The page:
Grain supply levels for 2013/14 present a more positive input cost environment for the global livestock farming industry, said the analysts, citing the latest crop report from the US Department of Agriculture’s (USDA).
The USDA released its World Agricultural Supply and Demand Estimates (WASDE) yesterday (10 February) looking at the southern hemisphere harvest as well as data from key production countries such as Russia and Ukraine.
Shore analyst Phil Carroll summed up the situation for the livestock farmers as: “improved supply and hence more favourable pricing.”
He told FeedNavigator.com that in the UK, for example, lower demand and a more relaxed environment on potential supply has resulted in feed wheat prices coming down from "around £220 (€268) per tonne just over a year ago to around £150 a tonne currently so it has to be more favourable for the livestock farmer."
"Then if you take into account the UK dairy farmer has seen an improvement in farmgate prices for milk, too, then the outlook certainly is more positive in my view," said Carroll.
Ukraine cold snap
The USDA report, in particular, notes positive production figures from Ukraine. However, that country has experienced low temperatures in the last week.
Speaking to FeedNavigator.com yesterday, Olivier Bouillet, the Kiev office manager of French consultancy Agritel said the recent cold snap – with temperatures as low as -20 degrees Celsius in some parts of Ukraine - has not yet had a critical impact on crops there.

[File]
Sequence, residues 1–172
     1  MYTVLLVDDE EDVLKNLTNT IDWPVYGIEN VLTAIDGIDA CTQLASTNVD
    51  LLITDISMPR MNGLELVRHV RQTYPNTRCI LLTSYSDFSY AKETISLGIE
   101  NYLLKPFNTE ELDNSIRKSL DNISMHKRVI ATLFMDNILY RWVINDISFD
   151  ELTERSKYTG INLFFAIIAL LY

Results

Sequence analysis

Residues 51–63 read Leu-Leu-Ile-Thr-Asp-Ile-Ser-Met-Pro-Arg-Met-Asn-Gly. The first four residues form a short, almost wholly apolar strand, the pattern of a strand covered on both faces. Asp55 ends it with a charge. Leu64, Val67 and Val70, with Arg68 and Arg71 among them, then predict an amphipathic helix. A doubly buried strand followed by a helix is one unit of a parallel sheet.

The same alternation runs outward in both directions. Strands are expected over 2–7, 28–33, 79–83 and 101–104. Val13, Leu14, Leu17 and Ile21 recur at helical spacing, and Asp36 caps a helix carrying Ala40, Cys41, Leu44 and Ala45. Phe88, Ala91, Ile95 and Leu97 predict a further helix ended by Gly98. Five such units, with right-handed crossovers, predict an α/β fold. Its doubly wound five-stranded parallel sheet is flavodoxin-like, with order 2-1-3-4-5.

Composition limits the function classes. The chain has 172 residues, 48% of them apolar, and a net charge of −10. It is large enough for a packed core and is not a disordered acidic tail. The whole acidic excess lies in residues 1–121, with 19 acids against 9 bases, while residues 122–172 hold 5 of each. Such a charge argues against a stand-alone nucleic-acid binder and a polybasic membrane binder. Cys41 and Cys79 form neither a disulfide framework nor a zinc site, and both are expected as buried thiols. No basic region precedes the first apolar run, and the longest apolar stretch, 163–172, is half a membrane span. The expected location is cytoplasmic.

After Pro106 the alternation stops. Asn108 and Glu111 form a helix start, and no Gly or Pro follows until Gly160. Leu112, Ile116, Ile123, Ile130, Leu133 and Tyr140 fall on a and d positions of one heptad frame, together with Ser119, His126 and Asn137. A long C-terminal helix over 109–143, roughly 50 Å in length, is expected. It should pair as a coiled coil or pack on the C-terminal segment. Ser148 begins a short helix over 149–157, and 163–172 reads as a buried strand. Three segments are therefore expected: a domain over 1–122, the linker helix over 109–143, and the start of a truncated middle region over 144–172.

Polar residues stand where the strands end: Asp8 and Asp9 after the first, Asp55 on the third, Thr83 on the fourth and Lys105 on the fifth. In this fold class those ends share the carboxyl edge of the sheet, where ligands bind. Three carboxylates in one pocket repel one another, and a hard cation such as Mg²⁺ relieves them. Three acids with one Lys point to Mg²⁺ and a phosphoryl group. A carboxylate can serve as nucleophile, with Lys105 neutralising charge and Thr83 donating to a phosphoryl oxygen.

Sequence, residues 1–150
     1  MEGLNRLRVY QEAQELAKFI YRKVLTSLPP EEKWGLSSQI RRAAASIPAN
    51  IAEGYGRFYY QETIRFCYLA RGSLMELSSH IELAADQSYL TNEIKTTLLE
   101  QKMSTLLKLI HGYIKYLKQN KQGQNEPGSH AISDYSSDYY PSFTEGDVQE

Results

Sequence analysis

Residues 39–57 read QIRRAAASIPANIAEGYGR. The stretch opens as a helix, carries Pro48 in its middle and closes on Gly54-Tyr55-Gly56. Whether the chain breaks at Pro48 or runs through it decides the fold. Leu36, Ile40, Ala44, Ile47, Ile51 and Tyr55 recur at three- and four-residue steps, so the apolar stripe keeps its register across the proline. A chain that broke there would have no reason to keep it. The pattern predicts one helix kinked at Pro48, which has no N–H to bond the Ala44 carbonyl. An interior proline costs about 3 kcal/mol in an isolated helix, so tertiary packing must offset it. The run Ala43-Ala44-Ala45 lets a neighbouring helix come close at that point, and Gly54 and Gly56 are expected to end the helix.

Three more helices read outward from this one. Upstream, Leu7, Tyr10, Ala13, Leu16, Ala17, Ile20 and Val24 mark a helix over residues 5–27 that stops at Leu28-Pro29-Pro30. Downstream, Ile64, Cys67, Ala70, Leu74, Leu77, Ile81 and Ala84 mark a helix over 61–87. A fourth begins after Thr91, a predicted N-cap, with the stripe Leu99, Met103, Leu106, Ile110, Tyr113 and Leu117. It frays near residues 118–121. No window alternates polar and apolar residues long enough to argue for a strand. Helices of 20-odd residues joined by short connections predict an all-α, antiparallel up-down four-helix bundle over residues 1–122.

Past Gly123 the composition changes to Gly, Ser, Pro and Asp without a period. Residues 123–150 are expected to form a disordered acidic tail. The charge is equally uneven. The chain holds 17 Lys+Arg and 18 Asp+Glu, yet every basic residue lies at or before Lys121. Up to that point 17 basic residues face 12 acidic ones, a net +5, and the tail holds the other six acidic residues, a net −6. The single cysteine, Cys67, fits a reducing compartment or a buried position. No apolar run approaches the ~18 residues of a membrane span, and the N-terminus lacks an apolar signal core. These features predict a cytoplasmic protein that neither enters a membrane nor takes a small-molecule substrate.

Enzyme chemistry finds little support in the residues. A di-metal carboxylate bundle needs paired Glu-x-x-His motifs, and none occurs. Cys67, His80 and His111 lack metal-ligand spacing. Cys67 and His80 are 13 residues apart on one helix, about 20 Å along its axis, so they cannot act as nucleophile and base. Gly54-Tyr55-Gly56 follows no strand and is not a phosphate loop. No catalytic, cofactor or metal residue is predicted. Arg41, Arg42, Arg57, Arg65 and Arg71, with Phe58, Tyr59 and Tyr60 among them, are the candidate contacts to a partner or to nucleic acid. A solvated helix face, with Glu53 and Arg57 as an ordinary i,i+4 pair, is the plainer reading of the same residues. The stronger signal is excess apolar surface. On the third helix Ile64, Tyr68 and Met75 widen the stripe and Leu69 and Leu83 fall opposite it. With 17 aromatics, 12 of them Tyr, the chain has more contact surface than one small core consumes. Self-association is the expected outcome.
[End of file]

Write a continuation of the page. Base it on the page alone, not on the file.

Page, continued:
“The Ukrainian Meteorological Office said that, in one region, 25% of the wheat area was damaged but this represents only a small percentage of the winter crop overall,” he said.
“However snow cover is decreasing over the next 10 days. Whether winter crop is affected remains to be seen - if there is another freeze in that period, farmers in the south and centre could be hit due to greater exposure to the cold,” added Bouillet.
USDA key crops outlook:
The US agency estimates world wheat production in FY2013/14 to be 711.9m tonnes, slightly down on the previous estimate.
Overall, supply levels have been reduced by 1.1m tonnes reflecting a combination of lower opening stocks in Russia and Argentina accounting for 0.3m tonnes of the decline alongside a 0.8m reduction in the global production forecast.
This reduction in output is mainly due to a 1.6m tonne reduction for Kazakhstan based on the latest data available highlighting a raised harvest area being offset by sharply reduced yield expectations from early harvest reports.
Official data has also reduced expectations from Algeria by 0.3m tonnes but this is offset by more positive news in southern Brazil where a better yield performance has increased estimates by 0.6m tonnes, reports the USDA.
The US report said Ukraine production has also been increased by 0.3m tonnes on current government estimates.
A combination of lower wheat supplies and higher use expectations, said the USDA, has resulted in a 1.7m tonnes reduction in its end stocks forecast of 183.7m tonnes.
The USDA said world corn production is expected to be slightly down (0.4m tonnes) on January’s estimate; to a level of 966.6m tonnes but this is more than offset by a 1.0m tonnes increase in opening stocks.
Shore notes that within the small decline in the production estimate there is a 1m tonne decline for Argentinean output as dryness in January has reduced planting and yield expectations.
“However, this decline is offset by official data from Ukraine, which has led to 0.9m increase in its output forecast,” said Carroll.
Contrary to corn and wheat expectations, end stocks for soybean are forecast to be 0.7m tonnes higher at 73m tonnes, reports the USDA.
This expectation is driven by record global production expectations which have been raised by 0.9m tonnes to 287.7m tonnes, said the agency.
The increase in the estimate is driven by a record Brazilian harvest of 90.0m tonnes, up 1.0m tonnes on the previous estimate due to higher yield expectations.